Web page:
From phonological processing to brain research to orthographic mapping to self-teaching hypothesis, Shifting the Balance cuts through the rhetoric (and the sciencey science) to offer readers a practical guide to decision-making about beginning reading instruction. The authors honor the balanced literacy perspective while highlighting common practices to reconsider and revise—all through a lens of what’s best for the students sitting in front of us.

Speech to Print: Language Essentials for Teachers

Filling a critical gap in teacher preparation courses, Speech to Print supplies K-12 educators with in-depth knowledge of the structure and function of language—fundamentals they need to deliver successful structured literacy instruction. Renowned literacy expert Louisa Cook Moats gives current and future teachers comprehensive, accurate, and accessible information on the underpinnings of language instruction.

Proust and the Squid: The Story and Science of the Reading Brain

“Human beings were never born to read,” writes expert Maryanne Wolf. Reading is a human invention that reflects how the brain rearranges itself to learn something new. In this ambitious, provocative book, Wolf chronicles the remarkable journey of the reading brain not only over the past five thousand years, since writing began, but also over the course of a single child’s life, showing in the process why children with dyslexia have reading difficulties and singular gifts.

Representing your Students’ Identities

As most of you know, I’ve started a new job….in a middle school. I was one of those teachers that always had the idea that I would hate teaching middle school. All those hormones, changes, attitudes…no thanks.

Well, here I am…2 months in…and loving it. These 7th and 8th graders are amazing. Yes, middle school is an awkward time for students, but these kids are out here every day, owning WHO THEY ARE. I’m blown away at the self-confidence these kids have; frankly, we could all stand to learn a little from them. Most of them have figured out what makes them who they are and they are rockin’ it. We even had one binary student volunteer to have the newspaper interview them, with the purpose of spreading awareness…and the student body embraced them without hesitation.

I don’t think we give enough credit to middle school students. They get a bad rep…but I’m here to say “don’t sell them short”. This generation is going to do amazing things…

In order to keep supporting them, we as teachers need to be ready to represent their student identities in all we do in order to help them continue to grow into their own person. Here are 6 ways to help you get started:

Classroom Library

Look at your collection. Are your books representative of all your students? Inclusive of diverse authors? Inclusive of multicultural themes? Available in multiple languages?

Classroom Decor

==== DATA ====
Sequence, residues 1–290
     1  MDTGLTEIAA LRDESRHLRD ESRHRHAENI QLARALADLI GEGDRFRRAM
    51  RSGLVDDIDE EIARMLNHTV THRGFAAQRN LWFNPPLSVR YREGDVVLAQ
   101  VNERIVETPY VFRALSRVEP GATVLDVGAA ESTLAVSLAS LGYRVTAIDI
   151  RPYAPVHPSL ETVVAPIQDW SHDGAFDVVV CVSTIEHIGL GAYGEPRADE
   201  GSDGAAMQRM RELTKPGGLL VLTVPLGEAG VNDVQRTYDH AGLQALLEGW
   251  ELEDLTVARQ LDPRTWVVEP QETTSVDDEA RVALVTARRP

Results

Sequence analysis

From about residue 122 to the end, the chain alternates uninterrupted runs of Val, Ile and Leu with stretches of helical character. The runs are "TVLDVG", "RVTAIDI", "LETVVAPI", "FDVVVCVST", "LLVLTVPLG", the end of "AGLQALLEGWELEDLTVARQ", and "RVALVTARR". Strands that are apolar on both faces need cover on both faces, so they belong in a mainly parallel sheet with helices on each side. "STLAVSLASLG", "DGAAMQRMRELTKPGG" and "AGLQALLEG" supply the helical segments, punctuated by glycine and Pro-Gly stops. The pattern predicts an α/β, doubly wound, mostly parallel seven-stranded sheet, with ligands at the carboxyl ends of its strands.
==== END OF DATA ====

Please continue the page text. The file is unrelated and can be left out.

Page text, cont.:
Look around your classroom walls. Does your physical space make all students feel like they belong? Include culturally and linguistically diverse people and phrases? Promote equality and justice?

Curriculum

When planning and teaching, do you advocate for representation of your students when possible? Include mentor texts from diverse cultures? Use multicultural examples to explain current topics? Address biases in lessons?

Parent Connections

When communicating with parents do you know what language they want to be contacted in? Know what technology parents are comfortable communicating with? Have resources to translate communication, if necessary?

Classroom Supplies

Do the supplies in your classroom include puzzles, games, and toys that include all genders, races, etc.

Guest Speakers

When planning for guest speakers do you include students’ families as speakers and presenters? Discuss societal ad global topics? Include a variety of people from the community?

Close Reading Resources

The idea of a close read isn’t new. It’s been around for a while, but yet there are so many different interpretations of what it actually entails. CCSS came out about 10 years ago, and the idea of close reads blew up! At the end of my post I have a FREE downloadable bundle of close reading passages and questions!

We realized that we needed to be teaching our students to read deeply and think analytically about a piece of text, and that we couldn’t wait until middle school to begin this.

The overall goal of CCSS is for students to be able to read a grade-level piece of text, independently. As we’ve seen through easy formative assessments, we are able to see that close reading is not something that we can afford to stop doing. However, that doesn’t happen instantly. As with anything else you teach, close reads need to be modeled and done together so students can learn expectations.

What is a close read?

Typically a close read is done in 3 phases, each phase serving a different purpose. In order for a close read to be successful, you need to find a high-quality piece of text to use. You can’t just randomly grab a book off the shelf and go. You need to preview the text to ensure there is enough quality writing in there that will lend itself to some deep thinking.